Life In The Fast Lane
Published: Thursday, 12 February 2015
Team SCA (Sam Davies/GBR) and Team Brunel (Bouwe Bekking/NED) have taken a leap of faith with a push north for more wind in Leg 4 of the Volvo Ocean Race as the fleet entered the Pacific Ocean on Feb 11.
(Photo by Anna-Lena Elled / Team SCA / Volvo Ocean Race)
The two crews must wait about a week to discover if their tactics to head towards Taiwan – in apparently totally the wrong direction – have paid off. Early indications are that they could earn rich dividends on the 5,264-nautical mile leg from Sanya, China to Auckland, New Zealand.
(Photo by Stefan Coppers / Team Brunel / Volvo Ocean Race)
The pair took a wider arc, further north, after exiting the Luzon Strait between Taiwan and Luzon Island off the Philippines.
The “fast lane” route will see them sail roughly 300nm longer than their four rivals, but they are banking on better wind to propel them clear – eventually.
(Photo by Amory Ross / Team Alvimedia / Volvo Ocean Race)
“So far, the weather models say they have got it right, but it will be six or seven days – or even more – before we know for sure,” says Volvo Ocean Race Meteorologist, Gonzalo Infante.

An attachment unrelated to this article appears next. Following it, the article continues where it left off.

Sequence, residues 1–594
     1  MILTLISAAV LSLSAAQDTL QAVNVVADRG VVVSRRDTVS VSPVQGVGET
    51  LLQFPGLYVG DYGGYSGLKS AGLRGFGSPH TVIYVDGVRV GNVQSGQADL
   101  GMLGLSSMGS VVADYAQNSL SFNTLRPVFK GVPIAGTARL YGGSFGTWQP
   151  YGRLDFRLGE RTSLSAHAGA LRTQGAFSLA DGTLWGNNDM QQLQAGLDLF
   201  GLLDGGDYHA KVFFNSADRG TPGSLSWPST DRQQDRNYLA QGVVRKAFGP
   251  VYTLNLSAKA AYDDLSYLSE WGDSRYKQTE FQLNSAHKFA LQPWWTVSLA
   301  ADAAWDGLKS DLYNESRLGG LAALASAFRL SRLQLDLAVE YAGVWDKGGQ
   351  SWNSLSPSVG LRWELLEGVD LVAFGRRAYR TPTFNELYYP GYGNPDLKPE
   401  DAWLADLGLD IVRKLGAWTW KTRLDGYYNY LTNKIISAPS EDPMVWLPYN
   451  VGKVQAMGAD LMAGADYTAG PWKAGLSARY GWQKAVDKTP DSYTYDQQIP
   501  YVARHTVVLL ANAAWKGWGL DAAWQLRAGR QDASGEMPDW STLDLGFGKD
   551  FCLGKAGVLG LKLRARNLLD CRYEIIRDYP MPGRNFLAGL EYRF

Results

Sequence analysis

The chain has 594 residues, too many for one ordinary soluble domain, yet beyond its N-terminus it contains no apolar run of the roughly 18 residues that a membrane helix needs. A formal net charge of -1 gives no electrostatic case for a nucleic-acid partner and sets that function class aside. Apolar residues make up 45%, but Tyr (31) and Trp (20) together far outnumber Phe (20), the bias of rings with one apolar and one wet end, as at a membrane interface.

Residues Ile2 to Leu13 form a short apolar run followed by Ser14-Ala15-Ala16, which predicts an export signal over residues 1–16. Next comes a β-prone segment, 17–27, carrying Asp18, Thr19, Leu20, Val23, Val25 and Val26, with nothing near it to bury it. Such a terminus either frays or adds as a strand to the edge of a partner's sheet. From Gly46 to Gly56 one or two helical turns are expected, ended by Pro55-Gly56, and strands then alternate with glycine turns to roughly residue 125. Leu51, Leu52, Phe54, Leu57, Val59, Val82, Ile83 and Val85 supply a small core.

The fleet will likely converge in the north Pacific Ocean in over a week’s time.
(Photo by Francisco Vignale / Mapfre / Volvo Ocean Race)
“The danger for Team SCA and Team Brunel at that point will be as they enter a stretch of Doldrums, which can be random,” Infante says. “But they could well end up in a very strong position by the time they reach the South Pacific."
The four-strong main pack is currently led by Walker’s second-placed crew, with Mapfre (Xabi Fernández/ESP), Team Alvimedica (Charlie Enright/USA) and race leaders Dongfeng Race Team (Charles Caudrelier/FRA) chasing hard. The boats are grouped within 4nm of each other. They have around 4,700nm to the finish in Auckland, New Zealand.
(Photo by Matt Knighton / Abu Dhabi Ocean Racing / Volvo Ocean Race)
Mercifully, the sea state, which had been churned up by currents and winds running in roughly opposite directions in the South China Sea causing widespread seasickness, has been somewhat less uncomfortable for the crews in the past 12 hours.
“Imagine being on a roller coaster over 60 hours consecutively – that is more or less the feeling,” says Team Brunel’s onboard reporter, Stefan Coppers. “You want it to stop, but there is no way out.”
(Photo by Sam Greenfield / Dongfeng Race Team / Volvo Ocean Race)
The computer predicts that the fleet will arrive in Auckland around Mar 1.